Why is gluten in the spotlight NOW? Why didn’t we hear about this 50 years ago? How did so many people suddenly become allergic?
These are common questions asked when we recommend someone try going gluten free. It seems like “going gluten-free” is a phenomenon that happened overnight. In all reality, it’s not! In fact, other countries, such as the Netherlands has been proactive to provide gluten free awareness and options for years. Check this out: the Dutch even have a “Gluten Free Restaurant Card” available to help guarantee the safety of your food!
According to Enterolabs, a world leader in clinical laboratory studies for food sensitivities, the percentage of gluten that we’re eating today is different than what our ancestors consumed. The quantity of gluten, a protein found in wheat, barley and rye, was one of the components modified as grains were domesticated and modified to be used as a greater source of food and calories. As we continue to genetically modify our food, other grains, such as oats, are being exposed to higher gluten levels. So it’s not necessarily the simple awareness is the cause for greater diagnosis of gluten-sensitivity, but the fact that our food is affecting more people. For more information visit EnteroLabs FAQ page.
Gluten Intolerance Group (GIG), a non-profit resource for the gluten-free community, answers these questions best. For additional information regarding how GIG could help you or a loved one, click here.
“Gluten-related disorders (commonly called gluten intolerances) are both autoimmune (genetic) and innate immune responses (present at birth). Autoimmune gluten disorders include celiac disease and dermatitis herpetiformis. Autoimmune conditions do not go away. Persons with these conditions will suffer tissue damage in the intestine or skin when eating gluten. They may suffer a number of symptoms and related health issues as a result. Gluten sensitivity (also known as non-celiac gluten sensitivity) is an innate immune response, similar in reaction to lactose intolerance. Although this reaction does not cause damage to the intestine or skin, it may cause inflammation and other health-related problems. Avoiding gluten is the only way for persons with gluten-related disorders to maintain good health.”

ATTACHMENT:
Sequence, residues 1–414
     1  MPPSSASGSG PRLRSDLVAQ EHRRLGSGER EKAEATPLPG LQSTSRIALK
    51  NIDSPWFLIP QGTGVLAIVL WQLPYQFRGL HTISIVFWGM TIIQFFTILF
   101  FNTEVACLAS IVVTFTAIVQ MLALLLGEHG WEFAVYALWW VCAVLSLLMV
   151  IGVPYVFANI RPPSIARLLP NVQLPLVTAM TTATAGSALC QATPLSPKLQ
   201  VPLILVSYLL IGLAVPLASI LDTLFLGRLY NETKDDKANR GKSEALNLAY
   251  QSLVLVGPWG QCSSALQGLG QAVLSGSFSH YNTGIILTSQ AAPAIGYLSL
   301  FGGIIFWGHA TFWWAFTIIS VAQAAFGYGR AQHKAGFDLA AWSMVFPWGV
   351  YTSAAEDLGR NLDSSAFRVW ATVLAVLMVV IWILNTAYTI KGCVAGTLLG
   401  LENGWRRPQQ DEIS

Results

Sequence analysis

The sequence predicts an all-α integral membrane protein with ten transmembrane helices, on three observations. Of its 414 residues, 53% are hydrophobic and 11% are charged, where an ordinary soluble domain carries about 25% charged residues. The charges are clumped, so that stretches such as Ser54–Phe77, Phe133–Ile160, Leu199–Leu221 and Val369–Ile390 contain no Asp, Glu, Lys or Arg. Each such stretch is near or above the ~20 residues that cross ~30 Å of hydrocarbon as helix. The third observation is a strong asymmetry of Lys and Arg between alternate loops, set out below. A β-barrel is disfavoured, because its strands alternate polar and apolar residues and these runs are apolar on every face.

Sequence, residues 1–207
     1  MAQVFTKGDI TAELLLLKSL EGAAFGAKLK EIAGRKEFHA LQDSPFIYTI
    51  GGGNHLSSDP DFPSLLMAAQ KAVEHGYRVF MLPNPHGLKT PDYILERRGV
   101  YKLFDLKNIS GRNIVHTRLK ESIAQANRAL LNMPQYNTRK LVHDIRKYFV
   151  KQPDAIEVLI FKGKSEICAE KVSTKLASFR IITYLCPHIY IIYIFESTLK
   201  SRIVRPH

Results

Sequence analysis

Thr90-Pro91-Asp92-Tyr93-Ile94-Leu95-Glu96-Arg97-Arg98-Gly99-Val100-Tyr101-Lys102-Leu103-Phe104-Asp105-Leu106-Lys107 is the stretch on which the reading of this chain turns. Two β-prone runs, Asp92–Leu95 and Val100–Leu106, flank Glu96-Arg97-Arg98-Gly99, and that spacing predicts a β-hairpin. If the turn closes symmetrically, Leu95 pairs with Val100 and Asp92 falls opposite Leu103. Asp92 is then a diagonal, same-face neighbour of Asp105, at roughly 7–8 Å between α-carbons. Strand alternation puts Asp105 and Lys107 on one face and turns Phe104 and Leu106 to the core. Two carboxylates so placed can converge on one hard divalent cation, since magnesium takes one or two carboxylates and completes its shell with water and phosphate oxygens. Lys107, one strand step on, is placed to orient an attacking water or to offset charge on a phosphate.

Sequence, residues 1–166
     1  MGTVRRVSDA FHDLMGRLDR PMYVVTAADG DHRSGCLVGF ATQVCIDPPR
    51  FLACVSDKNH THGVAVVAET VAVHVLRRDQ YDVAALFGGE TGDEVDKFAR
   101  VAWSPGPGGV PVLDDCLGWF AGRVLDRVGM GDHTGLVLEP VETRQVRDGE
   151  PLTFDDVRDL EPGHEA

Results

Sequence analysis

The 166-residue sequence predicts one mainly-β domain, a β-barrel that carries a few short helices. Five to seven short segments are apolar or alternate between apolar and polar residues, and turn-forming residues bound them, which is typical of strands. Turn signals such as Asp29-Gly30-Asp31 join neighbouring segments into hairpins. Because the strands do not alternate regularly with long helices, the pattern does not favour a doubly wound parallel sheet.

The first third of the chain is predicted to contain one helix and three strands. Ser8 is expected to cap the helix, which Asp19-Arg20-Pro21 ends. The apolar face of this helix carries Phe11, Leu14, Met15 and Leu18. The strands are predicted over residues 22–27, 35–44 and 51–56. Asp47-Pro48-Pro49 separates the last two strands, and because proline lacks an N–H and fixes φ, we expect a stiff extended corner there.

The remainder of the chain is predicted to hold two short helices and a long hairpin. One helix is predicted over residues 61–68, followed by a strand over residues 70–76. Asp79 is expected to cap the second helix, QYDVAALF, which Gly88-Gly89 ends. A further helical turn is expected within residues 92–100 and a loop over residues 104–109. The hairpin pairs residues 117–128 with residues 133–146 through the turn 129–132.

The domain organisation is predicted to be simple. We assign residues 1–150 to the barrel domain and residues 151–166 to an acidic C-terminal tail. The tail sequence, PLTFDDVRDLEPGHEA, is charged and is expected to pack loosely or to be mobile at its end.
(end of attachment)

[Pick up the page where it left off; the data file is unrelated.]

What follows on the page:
How do I know if I have a gluten-related disorder??
Symptoms associated with gluten-related disorders affect a variety of body systems, not just digestion. Of course digestive disturbances are the most commonly experienced frustrations including, but not limited to: abdominal bloating and pain, chronic diarrhea, vomiting, constipation, weight loss, weight gain, and foul-smelling stool. Some people, however, do not experience digestive symptoms, but other signs like these instead: fatigue, irritability and behavioral issues, delayed growth and puberty, ADHD, unexplained iron-deficiency anemia, bone or joint pain, depression or anxiety, seizures or migraines, infertility or miscarriage, and canker sores. And the list continues. For more specific information regarding Celiac Disease and how it is diagnosed, visit the Celiac Disease Foundation.
As the awareness of gluten and its related disorders grows, more people may consider going gluten-free to see how their health may be improved. It’s important to note that going gluten-free is not necessary for everyone! We invite you to discuss any questions you may have with Dr. Amanda and Dr. Scott as they are 13-years experienced with a gluten-free lifestyle. In support of Celiac Awareness Month (May), Dr. Amanda will be holding a presentation “All About Gluten” on Tuesday, May 24th at 6pm at Body Logic. We invite you to join us and bring a friend! Our front desk has a sign up sheet available. Space is limited. Let us help you!